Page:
After that little episode I recognised my nemesis and his legions of acolytes. Telling him to f’ off and take his token pound with him was a relief, although strangely enough my work ethic departed with him.

    My attitude to the usury industry now is either have nothing to do with them at all or go at it large, describe a huge fiery trail of debt and pay for none of it. Either way recognise it for the nonsense that it is and don’t give it room in your head.


  7. “Owe nobody any money for more than half a year”

    Totally agree, except for the last six words ;-))

    People also tried to tell me I’d be ‘better off’ not paying off my mortgage. But as some olden-day dude once said: ‘What does it profit a man to own the whole world but lose his soul?’

    Gimme soul, every time!


  8. @all interesting how the comments show a polarisation between people who view a mortgage as a straight financial transaction to be optimised and those who see it as debt and bad in itself. I lean a bit towards the latter. Maybe not as far as Macs – I still use credit cards, though not for cashflow management but for the consumer guarantees.

    @Nathan – I’m coming round to your view with debt – go large or go home on it.

    @Ryan I found it felt very different to redeem the last £1000 (that was the minimum BM were prepared to accept and keep the account open). I did consider the option of investing the cash for a few months and it would have been a good time to do it, but I just didn’t have the guts to do it.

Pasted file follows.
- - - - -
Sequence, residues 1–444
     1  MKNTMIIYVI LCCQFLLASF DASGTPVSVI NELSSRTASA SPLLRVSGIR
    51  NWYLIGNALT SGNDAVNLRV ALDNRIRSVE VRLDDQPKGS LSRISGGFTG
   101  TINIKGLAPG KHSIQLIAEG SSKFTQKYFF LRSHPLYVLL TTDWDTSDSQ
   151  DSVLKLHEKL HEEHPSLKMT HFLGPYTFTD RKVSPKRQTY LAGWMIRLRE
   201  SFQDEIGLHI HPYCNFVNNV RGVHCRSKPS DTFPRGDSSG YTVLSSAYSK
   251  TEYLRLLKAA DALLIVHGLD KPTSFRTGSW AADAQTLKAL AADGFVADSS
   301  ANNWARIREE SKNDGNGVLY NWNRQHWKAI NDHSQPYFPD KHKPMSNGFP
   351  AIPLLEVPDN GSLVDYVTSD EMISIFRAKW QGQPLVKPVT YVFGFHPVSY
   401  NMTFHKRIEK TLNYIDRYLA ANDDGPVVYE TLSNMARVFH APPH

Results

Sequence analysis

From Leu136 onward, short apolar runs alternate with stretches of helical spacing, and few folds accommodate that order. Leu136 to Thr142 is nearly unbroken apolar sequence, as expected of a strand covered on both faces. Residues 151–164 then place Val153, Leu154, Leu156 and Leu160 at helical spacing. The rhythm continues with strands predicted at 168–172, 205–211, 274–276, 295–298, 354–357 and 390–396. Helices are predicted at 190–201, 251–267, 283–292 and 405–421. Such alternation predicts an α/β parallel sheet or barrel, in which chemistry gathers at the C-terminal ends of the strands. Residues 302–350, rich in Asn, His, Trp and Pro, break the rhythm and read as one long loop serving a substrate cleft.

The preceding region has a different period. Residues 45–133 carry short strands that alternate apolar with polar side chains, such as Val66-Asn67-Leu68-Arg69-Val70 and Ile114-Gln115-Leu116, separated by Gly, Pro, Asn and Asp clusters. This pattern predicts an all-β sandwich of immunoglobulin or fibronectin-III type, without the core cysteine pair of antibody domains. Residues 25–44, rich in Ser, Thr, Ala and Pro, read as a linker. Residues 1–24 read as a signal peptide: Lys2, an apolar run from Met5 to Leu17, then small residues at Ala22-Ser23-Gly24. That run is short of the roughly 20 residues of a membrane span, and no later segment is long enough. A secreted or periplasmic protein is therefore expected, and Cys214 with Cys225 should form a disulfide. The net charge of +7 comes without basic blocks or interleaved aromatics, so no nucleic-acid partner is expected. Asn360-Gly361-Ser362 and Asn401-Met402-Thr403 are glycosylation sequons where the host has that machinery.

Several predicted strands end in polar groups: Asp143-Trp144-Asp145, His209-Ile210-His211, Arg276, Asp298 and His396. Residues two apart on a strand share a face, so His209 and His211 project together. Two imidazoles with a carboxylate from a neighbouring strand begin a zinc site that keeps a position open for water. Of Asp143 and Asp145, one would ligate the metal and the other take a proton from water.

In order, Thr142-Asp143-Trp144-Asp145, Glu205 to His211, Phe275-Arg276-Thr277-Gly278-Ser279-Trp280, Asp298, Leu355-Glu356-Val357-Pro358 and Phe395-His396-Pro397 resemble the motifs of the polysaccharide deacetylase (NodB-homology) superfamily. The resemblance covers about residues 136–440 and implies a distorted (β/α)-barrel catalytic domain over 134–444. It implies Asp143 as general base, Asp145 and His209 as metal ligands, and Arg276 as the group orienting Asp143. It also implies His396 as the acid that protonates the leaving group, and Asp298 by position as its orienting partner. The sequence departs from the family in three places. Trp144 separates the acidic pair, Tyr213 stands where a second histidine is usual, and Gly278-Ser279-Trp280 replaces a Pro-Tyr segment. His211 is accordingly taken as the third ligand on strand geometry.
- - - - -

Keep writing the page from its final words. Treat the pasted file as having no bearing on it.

9. Haven’t laughed so much and so hard for a long time. You’re a brilliant observer of life’s amusements and witty writer. Like you I am 50+ (just) professional, about to pay off my mortgage next month August 2014 and now finally considering living a simpler life. I don’t have a pension – self-employed for the last 14 years but I do have some investments and a small income stream from my two lodgers. Can it be done in a 3 bedroom apartment sans garden, roof terrace or balcony in London, remains to be seen. Your blog has inspired me. Thank you. Christine


  10. I think you make a good point about mortgages being a young man’s game. I also think that salary multiples mean diddly-squat unless they’re looked at in conjunction with the borrower’s age. A five times salary multiple of a 20-something is a very different number from even a four times salary multiple of a 30-something, at least in the professions. Also, as years roll by the potential for income growth decreases.
    And you’re right, general attitudes towards debt matter too. In the household I was raised “debt” was synonymous with “shame”. Everything — and I mean everything — was either paid for in cash or we couldn’t afford it. There are many books written about how our parents’ beliefs (even those we eventually come to regard as irrational) impact us. I know my wartime waste-not-want-not granny sits on my shoulder, tsking, each time I throw stale bread in the compost. Thank the gods she doesn’t know about my mortgage, that’s all I’ll say.


    1. Hadn’t jumped to the salary multiples issue being better for 20 somethings, but it is a good point. Arguably I lived it. If you look at my inflation adjusted career/mortgage profile I survived a 5x income multiple on a single salary even paying it down a little bit early precisely because I did see career progression.

      Running counter to that, there is some evidence that the high-water mark of people’s earnings is coming earlier in life followed by a faster decline. One needs to integrate higher earnings over more years to pay down a higher income multiple; the higher pay needs to persist long enough.


Leave a Reply

Fill in your details below or click an icon to log in:

WordPress.com Logo

You are commenting using your WordPress.com account. Log Out / Change )

Twitter picture

You are commenting using your Twitter account. Log Out / Change )

Facebook photo

You are commenting using your Facebook account. Log Out / Change )

Google+ photo

You are commenting using your Google+ account. Log Out / Change )

Connecting to %s